How does the labor gap work for lesbian couples?

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There’s been a lot of talk with Melinda Gates talking about the gender wage gap during her speech at the UN, and you might have heard, in your women’s studies classes, about something called the “second shift.” Essentially, what all these folks are talking about is the second jobs most women take on after being at work all day—the unpaid labor that women are saddled with, making homes livable, making sure everybody has something to eat and shoes to wear. And that’s to say nothing of the emotional labor of cultivating relationships.

The women they are describing, in theory, are the prototypical working women with children who are partnered with men, whose partners fail to cover the gap. Studies show that most men think that they are picking up their half of the “chores and babysitting,” but, in fact, they are not. Times like these are when heterosexuality sounds to me like the worst thing that could happen to a person.

So how does this work for lesbians? Lesbians certainly have kids, and while there may be higher rates of equitable labor in housework and caregiving, it doesn’t mean that there doesn’t wind up being somebody who carries more of the burden. It also isn’t clear exactly who this shake out to be. While there are lots of femmes who feel like they are the Wendys to their masculine-of-center partners Peter Pan (and they wouldn’t necessarily be wrong), there are opportunities for people to take each other for granted all up and down the gender spectrum.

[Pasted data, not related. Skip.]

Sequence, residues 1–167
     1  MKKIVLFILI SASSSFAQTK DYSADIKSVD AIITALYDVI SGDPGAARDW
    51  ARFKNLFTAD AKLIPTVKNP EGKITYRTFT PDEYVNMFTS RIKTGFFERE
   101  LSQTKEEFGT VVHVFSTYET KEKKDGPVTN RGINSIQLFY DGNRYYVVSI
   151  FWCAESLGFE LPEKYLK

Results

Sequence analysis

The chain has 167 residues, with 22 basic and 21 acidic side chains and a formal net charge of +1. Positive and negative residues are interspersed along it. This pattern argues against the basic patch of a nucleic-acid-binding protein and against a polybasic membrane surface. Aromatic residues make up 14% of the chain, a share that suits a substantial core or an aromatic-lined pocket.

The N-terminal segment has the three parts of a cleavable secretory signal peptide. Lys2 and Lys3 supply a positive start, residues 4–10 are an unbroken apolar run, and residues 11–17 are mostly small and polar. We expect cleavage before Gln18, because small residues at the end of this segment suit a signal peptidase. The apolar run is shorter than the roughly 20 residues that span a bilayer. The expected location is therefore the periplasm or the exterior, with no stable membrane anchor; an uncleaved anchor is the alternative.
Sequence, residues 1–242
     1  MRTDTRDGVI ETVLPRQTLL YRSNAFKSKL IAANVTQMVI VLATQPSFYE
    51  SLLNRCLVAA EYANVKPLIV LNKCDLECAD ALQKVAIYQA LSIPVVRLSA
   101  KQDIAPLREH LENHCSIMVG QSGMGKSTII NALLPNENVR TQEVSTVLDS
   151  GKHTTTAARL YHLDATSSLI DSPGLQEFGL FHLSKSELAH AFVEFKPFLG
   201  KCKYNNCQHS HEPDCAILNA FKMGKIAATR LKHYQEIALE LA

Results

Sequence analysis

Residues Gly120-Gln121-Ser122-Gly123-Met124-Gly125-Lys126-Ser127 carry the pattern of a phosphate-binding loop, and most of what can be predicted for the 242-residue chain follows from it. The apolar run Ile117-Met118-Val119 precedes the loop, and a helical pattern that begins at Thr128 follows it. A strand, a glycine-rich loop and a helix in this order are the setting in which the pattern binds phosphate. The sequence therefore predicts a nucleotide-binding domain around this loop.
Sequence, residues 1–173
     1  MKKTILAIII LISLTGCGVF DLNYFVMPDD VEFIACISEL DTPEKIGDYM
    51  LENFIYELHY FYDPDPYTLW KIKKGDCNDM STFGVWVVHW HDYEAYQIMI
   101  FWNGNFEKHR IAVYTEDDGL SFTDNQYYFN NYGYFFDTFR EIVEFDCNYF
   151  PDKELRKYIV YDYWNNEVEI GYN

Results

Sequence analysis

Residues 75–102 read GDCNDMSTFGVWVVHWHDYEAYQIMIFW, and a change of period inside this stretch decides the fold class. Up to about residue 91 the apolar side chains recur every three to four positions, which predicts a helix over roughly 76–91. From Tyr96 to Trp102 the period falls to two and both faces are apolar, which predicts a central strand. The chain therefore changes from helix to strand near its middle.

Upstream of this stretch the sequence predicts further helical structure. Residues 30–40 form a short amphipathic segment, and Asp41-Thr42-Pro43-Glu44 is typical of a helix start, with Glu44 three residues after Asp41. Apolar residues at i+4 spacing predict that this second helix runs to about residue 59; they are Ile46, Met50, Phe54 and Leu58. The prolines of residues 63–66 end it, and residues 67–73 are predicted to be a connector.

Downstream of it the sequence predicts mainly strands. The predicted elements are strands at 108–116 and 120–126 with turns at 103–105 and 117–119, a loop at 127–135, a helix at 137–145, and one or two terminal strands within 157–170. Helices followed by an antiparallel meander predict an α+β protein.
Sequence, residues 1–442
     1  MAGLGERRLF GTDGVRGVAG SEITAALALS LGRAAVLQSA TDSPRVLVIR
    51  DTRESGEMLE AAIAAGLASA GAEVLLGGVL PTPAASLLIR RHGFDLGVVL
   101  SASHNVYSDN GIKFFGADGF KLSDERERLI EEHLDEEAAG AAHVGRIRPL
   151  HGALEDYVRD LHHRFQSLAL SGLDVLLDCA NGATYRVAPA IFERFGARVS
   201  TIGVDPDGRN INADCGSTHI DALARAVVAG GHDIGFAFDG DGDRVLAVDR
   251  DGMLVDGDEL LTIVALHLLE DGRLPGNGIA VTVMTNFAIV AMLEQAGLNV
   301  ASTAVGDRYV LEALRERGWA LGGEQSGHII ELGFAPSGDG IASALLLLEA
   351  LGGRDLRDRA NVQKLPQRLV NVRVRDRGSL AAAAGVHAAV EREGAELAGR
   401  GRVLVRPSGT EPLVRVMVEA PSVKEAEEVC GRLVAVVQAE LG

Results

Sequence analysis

As usual, this is what’s more complicated and potentially interesting about being queer—the usual bullshit doesn’t apply to us, which makes it harder to say what is an average problem and to generalize about the what and why of people’s bad behavior.

What couples counselors/researchers say: If everybody feels like they are doing 70%, then it’s likely that you’re handling things in an equitable way.

Another thing to keep in mind is that equal and equitable labor is not the same thing. A lot of lesbians–who have a lengthy context for wanting things to be 50/50—are of the impression that, in order for things to be fair, you cut them right down the middle. The reality is that most of us don’t come from a place of having the exact same quantity of resources or knowledge.

So what does this mean? In some relationships, people with disparate incomes divide things by percentage rather than concrete numbers (if she makes $30k, and she makes $100k, and they live together, it isn’t actually equitable for them to pay the same amount of money for rent). In other cases, some people have very scarce time, and the other partner will use their more generous time to run errands/pick up around the house/take the dog out. In all these cases, somebody who is scarce in time and money can be a significant presence of emotional support and validation, and this is also really important in relationships.

So here’s what to keep in mind:

Don’t get into a rut.

All of these different setups are ones that can be negotiated, but will need to be re-negotiated over time. Nothing stays the same, and things need to be re-negotiated.

You get to set limits about what you’re willing to negotiate.

Some things you’re willing to share—financial resources? A certain percentage of your free time? Connections with work?

Everybody contributes something.

Whether it’s emotional support, tidying up around the house, money, cool date ideas, what have you. Everybody should be on deck with contributing what they can, but most people don’t begin relationships with the same resources.

So don’t be afraid to negotiate in your relationship, and don’t worry if your set-up doesn’t look like your friends’. Aim for fair over even.

Maria Turner-Carney is a therapist and writer in Seattle. You can follow her at seattlefeministtherapy.com/blog.

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